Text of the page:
Entertainment Propaganda and Psywar: The X-Files, Season 10 Episode 4 (Home Again)

X-Files

I recently wrote a piece using The X-Files as a case study in propaganda, particularly as it  pertains to the right-wing populist, new world order conspiracy theory. In the latest season of The X-Files you have this ongoing alien/NWO narrative in addition to the ever-popular “Muslims are scary” theme, and what I’m going to briefly discuss here, which is in my opinion an even more sinister and recurrent propaganda or even psychological warfare tactic. I also covered this topic in an article called, “Thanks Hollywood, For Teaching Us About Revolution!”

In Season 10, Episode 4 of The X-Files, Mulder and Scully investigate bizarre and brutal murders of city officials involved in persecuting the homeless. The victims are torn limb from limb by a golem type monster known as “Band-Aid Nose Man.” The monster was made from clay by a street artist called the “Trashman” and it somehow comes to life to take revenge against the government officials abusing the homeless. Here is part of an exchange between Agent Scully and the “Trashman”:

Trashman: The people on the streets, the homeless, the street people, they ain’t got no voice, right? They get treated like trash. I mean actual trash. It’s like this: you throw your grande cup, or your pop bottle in the right trash can under the sink, recycle’s here, trash there, you tie the little bag, you take it outside, put it in the right dumpsters. Pat yourself on the head. You’re a good person, yeah? You did the right thing, you fought global warming, you love all the little animals. Well Friday come, Wednesday maybe, garbage man takes the trash away it’s not your problem anymore. Magic! But it is your problem, because it piles up in the landfill and the plastics leak toxins into the water and the sky, but if you don’t see a problem, there’s no problem. Right? People treat people like trash . . . I just wanted to scare ’em, scare anyone that took dignity away from the homeless. That’s when the violent idea popped in my head. It was just an emotion that ran through my head. An idea is dangerous, even a small one.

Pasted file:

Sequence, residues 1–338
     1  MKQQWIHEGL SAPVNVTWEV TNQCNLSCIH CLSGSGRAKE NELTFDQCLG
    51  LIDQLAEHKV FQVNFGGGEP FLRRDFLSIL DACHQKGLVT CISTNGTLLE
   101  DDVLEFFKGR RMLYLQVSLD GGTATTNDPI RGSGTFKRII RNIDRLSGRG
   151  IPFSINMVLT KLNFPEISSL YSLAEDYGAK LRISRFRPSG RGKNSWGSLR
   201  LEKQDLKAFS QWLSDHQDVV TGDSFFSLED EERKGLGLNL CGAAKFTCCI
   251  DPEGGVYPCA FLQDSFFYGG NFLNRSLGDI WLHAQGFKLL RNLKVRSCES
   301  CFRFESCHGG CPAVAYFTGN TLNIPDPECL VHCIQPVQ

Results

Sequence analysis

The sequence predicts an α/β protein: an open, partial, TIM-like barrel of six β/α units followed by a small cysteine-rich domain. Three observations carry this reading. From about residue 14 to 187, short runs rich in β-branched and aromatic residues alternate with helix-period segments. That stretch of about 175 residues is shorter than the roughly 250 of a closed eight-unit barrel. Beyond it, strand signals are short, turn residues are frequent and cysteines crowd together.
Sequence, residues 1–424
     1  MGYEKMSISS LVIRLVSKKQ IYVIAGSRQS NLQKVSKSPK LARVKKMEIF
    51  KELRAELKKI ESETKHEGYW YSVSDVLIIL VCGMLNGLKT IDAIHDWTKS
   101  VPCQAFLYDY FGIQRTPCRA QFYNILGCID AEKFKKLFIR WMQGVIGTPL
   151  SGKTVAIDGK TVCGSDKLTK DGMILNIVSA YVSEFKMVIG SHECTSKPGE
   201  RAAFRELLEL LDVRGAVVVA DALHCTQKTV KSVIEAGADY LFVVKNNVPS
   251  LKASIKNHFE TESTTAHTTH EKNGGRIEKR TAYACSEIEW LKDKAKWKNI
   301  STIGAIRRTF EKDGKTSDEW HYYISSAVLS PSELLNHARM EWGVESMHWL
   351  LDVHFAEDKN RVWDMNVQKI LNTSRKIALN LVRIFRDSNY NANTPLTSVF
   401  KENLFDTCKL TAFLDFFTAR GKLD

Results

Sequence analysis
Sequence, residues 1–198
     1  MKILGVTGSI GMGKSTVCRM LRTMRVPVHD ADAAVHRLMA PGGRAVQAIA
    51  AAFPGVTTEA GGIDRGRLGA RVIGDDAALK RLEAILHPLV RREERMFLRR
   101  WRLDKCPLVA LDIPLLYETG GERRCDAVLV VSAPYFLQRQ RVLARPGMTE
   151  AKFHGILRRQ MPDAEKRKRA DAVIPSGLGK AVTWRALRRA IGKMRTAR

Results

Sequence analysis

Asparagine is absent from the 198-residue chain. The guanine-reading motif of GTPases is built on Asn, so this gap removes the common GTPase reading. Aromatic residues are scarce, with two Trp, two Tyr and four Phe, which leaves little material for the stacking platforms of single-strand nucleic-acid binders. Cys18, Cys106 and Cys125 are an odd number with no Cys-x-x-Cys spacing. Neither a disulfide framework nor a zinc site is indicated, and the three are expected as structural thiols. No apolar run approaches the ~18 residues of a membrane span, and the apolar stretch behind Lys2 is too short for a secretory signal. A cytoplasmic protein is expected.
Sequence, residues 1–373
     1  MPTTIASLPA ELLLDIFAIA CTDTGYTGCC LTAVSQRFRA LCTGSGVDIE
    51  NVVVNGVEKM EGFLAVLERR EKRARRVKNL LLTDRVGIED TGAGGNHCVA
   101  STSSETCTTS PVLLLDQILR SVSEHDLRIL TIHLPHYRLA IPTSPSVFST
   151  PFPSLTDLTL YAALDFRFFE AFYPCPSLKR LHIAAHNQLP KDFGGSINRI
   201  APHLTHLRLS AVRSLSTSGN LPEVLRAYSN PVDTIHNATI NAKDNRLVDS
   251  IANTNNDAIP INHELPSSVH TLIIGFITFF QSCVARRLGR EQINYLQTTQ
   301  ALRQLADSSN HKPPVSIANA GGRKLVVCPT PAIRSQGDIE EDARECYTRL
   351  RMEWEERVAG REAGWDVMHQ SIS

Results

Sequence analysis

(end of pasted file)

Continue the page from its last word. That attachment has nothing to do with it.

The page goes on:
Scully: You are responsible. If you made the problem, if it was your idea, then you’re responsible. You put it out of sight so it wouldn’t be your problem, but you’re just as bad as the people that you hate.

This kind of bourgeois moralizing is a very common propaganda theme you find in TV shows and films all the time. It promotes the notion that the victim has no right to fight back against his oppressor; if he does so he will became “just as bad” as them. What can one say about such drivel? It is beyond ridiculous, but apparently it is effective in convincing most people to passively accept exploitation and abuse, and resist only through so-called nonviolence and reformism. Don’t fall for it!

 

† In paragraph 6, after the first quote, the meaning may be unclear. I should have clarified that the theme of “revolution corrupted” was the intended political message the establishment would have people take from The Hunger Games films and books. Obviously, I do not want people to take this message to heart!

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